The Summer I Turned Black
How I went from merely accepting my race to proudly and passionately embracing it.
There’s a memorable episode of the ’70s and ’80s TV sitcom The Jeffersons in which Allan Willis, the White son of mixed-race couple Tom and Helen Willis, makes an uncomfortable blanket presumption. While discussing race and jealousy with his sister, Jenny, who is Black, and several of the show’s other Black characters, he poses a loaded question.
“Is there anybody here who hasn’t wondered, just once, what it would be like to be White?”
Sometimes a question is just a question, but when I rewatch that 1975 episode now, it’s obvious to me that this particular question was a statement masquerading as a question. The context in which it was posed (“Green is a color, too”? Whoa!) suggested that he didn’t just believe all Black people invariably wondered at some point what it must be like to be White, but they also wished, at perhaps more than just some point, that they were White.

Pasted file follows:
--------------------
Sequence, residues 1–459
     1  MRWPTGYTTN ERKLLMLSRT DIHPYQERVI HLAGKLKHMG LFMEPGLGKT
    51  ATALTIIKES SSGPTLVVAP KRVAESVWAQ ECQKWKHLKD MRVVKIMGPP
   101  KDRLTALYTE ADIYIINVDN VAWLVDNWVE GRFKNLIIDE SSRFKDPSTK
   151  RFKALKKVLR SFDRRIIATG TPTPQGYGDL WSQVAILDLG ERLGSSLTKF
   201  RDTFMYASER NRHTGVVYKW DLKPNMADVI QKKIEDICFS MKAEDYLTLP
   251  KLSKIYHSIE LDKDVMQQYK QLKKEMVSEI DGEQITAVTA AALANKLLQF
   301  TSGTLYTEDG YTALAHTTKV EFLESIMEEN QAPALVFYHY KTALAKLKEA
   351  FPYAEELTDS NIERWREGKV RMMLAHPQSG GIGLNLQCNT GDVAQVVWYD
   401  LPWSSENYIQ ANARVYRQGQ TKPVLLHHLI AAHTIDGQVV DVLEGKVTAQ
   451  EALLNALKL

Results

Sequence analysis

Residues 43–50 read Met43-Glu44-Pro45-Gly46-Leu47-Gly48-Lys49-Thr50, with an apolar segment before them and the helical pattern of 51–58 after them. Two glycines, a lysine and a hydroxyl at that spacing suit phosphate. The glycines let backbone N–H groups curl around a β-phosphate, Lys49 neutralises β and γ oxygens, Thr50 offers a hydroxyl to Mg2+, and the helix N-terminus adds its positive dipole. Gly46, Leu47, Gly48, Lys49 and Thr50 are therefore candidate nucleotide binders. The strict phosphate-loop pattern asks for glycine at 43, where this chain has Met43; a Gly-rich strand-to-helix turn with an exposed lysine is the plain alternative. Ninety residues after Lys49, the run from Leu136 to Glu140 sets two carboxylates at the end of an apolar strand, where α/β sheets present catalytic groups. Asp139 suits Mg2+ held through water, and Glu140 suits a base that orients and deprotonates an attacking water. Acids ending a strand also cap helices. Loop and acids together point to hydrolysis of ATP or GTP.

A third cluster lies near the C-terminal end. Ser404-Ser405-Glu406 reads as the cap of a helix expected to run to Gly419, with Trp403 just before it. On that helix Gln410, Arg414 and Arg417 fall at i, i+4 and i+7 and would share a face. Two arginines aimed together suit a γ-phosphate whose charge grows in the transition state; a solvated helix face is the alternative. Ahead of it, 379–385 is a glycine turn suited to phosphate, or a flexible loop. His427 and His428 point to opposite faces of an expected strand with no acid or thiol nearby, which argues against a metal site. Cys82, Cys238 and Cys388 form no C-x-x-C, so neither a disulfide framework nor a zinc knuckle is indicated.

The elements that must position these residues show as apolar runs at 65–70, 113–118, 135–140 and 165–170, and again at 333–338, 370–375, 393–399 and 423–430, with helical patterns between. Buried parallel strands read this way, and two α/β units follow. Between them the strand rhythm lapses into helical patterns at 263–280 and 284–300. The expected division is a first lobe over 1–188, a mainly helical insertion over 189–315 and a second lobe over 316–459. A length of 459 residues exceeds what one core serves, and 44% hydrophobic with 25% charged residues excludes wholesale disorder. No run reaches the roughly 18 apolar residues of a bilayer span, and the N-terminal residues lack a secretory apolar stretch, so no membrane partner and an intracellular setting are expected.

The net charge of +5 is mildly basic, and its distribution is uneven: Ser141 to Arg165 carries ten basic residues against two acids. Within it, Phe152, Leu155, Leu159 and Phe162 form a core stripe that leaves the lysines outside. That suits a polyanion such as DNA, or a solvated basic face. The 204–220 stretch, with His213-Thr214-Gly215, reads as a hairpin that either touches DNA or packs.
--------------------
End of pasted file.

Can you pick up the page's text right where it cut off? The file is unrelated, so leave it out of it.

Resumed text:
The more I think about what he said and what he implied, the more wrong I think he was. I can’t speak for every Black person on the planet, but for me, I’ve never had to wonder what it’s like to be White because I’ve always known: I see White privilege in action every day of my life.
Have I ever actually wanted to be White? I can’t say that I have. There are several things I would change about my appearance if I could, but my skin color has never been one of them. I wouldn’t want to be anyone other than me. I could get my chin area sculpted to perfection and acquire the chiseled six-pack of my dreams, and I’d still be me. But if I changed my race (and all the trauma and beauty that’s come with it), I’d be someone else entirely — and I’m too happy being me.
In the interest of full disclosure, I must admit there was a time in my life when I wanted some of my features to be perhaps be less… Black. Hair that wasn’t quite so kinky would have been easier to style than the afro I grew up…